Micah’s Zero Sum Game

The difficulty of biblical wisdom is that it imposes the concatenation of words with real world actions, things, and outcomes. In Genesis, male patriarchy is subverted through successive generations plagued by sterility. We call Abraham, Isaac, and Jacob “fathers,” yet which of them was able to produce offspring? (Genesis 21:1-2; 25:21) While our chauvinism presumes the dysfunction of Sarah’s womb, in reality, it is Abraham’s seed that failed, since God had no difficulty whatsoever fathering Sarah’s child. The Matthean commandment, “call no man your father,” is not an opinion “about” fatherhood. On the contrary, it is the factual exposition of Abraham’s infertility in Genesis, which defers to God as the only Father. For the modern reader, this raises the question, “why then have patriarchs?” Micah’s answer comes in the form of the question restated: “If God is the ‘chief of mountains,’ (4:1) why must I submit to the Assyrians?”

In chapter 4, Micah heralds the coming of the Lord’s house as “chief of the mountains,” promising a world without war (4:3) through the absolute dominance of God’s teaching. (4:2) In principle, no self-respecting Judahite could wish for anything less. Not only peace, but peace through strength with the promise that God will “pulverize many peoples” for the sake of Zion. (4:13) The fly in the ointment, of course, is that the exaltation of God’s mountain in chapter 4 requires the “melting away” of Judah’s mountain in chapter 1. (1:4) This tension is amplified by word play in verse 8, since the term ophel (עֹ֫פֶל) translated “hill of the daughter of Zion,” is just as easily read “tumor of the daughter of Zion.” (4:8) The use of ophel stands out in the poetry of the text, which repeats the word har several times (mountain, hill, hill country/הָר) but only in reference to God’s mountain. In other words, Micah’s “peace on earth” is a zero sum game in which the mountain of Zion is asked to step aside. Judah is not “the first” in abstraction, but the first of many nations to be evangelized. (4:2)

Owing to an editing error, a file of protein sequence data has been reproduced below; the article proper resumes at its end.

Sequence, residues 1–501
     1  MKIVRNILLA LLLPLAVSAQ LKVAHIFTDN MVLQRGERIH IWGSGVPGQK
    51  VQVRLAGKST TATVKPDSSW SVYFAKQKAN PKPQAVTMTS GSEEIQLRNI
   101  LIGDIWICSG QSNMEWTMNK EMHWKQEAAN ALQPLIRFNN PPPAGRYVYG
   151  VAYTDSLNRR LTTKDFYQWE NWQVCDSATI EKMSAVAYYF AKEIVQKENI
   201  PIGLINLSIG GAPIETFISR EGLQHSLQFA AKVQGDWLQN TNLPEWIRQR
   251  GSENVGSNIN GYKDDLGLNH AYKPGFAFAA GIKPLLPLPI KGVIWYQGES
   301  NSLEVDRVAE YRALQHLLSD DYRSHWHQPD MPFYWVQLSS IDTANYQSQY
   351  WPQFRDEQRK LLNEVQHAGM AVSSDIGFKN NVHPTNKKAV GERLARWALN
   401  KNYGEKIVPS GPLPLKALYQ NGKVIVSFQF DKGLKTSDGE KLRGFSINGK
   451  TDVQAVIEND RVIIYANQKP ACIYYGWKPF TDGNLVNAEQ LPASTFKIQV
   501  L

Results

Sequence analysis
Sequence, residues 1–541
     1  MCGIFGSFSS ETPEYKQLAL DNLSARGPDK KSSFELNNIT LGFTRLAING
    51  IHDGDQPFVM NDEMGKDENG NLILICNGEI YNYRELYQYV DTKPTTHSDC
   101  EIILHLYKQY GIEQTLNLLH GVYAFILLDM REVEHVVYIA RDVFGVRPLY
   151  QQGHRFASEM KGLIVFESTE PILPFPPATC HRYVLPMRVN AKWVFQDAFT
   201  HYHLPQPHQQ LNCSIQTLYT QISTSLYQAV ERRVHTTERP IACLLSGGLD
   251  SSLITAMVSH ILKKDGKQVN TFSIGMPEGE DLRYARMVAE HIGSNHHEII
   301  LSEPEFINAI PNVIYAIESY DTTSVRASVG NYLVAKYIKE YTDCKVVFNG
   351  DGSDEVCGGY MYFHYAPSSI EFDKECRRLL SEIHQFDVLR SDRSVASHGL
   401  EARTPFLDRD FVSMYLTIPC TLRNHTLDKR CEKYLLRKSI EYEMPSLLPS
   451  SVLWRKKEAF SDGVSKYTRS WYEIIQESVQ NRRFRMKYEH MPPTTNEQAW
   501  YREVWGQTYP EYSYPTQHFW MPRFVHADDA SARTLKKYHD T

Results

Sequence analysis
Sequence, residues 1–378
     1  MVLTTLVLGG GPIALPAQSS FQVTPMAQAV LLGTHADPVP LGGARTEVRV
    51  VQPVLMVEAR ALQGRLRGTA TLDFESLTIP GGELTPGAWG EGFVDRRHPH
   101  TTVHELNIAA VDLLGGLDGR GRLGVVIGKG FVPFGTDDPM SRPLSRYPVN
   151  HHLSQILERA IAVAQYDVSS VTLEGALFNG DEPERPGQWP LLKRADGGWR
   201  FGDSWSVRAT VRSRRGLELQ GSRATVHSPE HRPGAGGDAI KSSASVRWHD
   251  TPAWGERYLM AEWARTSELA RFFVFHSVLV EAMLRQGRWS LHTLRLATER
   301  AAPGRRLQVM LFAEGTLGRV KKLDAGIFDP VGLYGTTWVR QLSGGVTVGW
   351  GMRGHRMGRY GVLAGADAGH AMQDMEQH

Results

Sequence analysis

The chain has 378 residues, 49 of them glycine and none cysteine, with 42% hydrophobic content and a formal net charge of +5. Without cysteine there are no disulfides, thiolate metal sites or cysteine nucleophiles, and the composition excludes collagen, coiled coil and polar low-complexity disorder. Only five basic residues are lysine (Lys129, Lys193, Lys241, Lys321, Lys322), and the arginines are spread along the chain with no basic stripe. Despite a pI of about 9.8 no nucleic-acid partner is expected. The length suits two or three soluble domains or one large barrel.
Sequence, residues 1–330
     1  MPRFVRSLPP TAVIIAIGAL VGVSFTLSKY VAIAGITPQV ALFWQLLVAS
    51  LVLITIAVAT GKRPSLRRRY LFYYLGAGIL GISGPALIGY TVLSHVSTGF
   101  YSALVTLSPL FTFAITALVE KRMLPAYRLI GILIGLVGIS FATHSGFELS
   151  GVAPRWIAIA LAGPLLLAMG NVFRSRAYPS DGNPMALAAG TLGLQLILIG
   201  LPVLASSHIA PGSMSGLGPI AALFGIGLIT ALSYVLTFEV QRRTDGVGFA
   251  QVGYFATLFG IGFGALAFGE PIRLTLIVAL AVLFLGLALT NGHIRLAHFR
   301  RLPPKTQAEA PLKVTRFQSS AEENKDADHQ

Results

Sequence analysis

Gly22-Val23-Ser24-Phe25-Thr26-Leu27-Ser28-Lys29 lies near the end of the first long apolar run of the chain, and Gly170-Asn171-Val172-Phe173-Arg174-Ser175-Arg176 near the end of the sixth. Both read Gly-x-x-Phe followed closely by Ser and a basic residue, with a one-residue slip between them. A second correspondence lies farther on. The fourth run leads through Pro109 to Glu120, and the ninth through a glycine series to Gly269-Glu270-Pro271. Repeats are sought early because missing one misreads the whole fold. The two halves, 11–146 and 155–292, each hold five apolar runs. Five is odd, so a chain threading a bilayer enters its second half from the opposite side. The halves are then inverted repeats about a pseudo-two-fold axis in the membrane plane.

Had Micah begun his book in chapter 4, addressing Judah’s sin with the promise of better days, no doubt, many in Zion would have cried, “Lord, Lord,” to no avail. (Matthew 7:22) As the Matthean Jesus explains, it is not enough to say how much you “like” God. If you want to find life, the word must take flesh in the real world–in your actions toward others. Holding Zion’s feet to the fire of its self-made platonic fold, 1 Micah concatenates the love of neighbor (Leviticus 19:18) with the reality of Assyria’s brutal occupation. Do you love God, Judah? Do you want to find life? Then you must look to Assyria; Because in Micah, the evil from the north is the right hand of God.

In John’s first epistle:

If someone says, ‘I love God,’ and hates his brother, he is a liar; for the one who does not love his brother whom he has seen, cannot love God whom he has not seen.” (1 John 4:20)

Alternatively:

The more I love humanity, the less I love my neighbor.” 2

Notes:

  1. “The Platonic Fold is the explosive boundary where the Platonic mindset enters in contact with messy reality, where the gap between what you know and what you think you know becomes dangerously wide.” – Nassim Nicholas Taleb, The Black Swan
  2. Fyodor Dostoyevsky, The Brothers Karamazov

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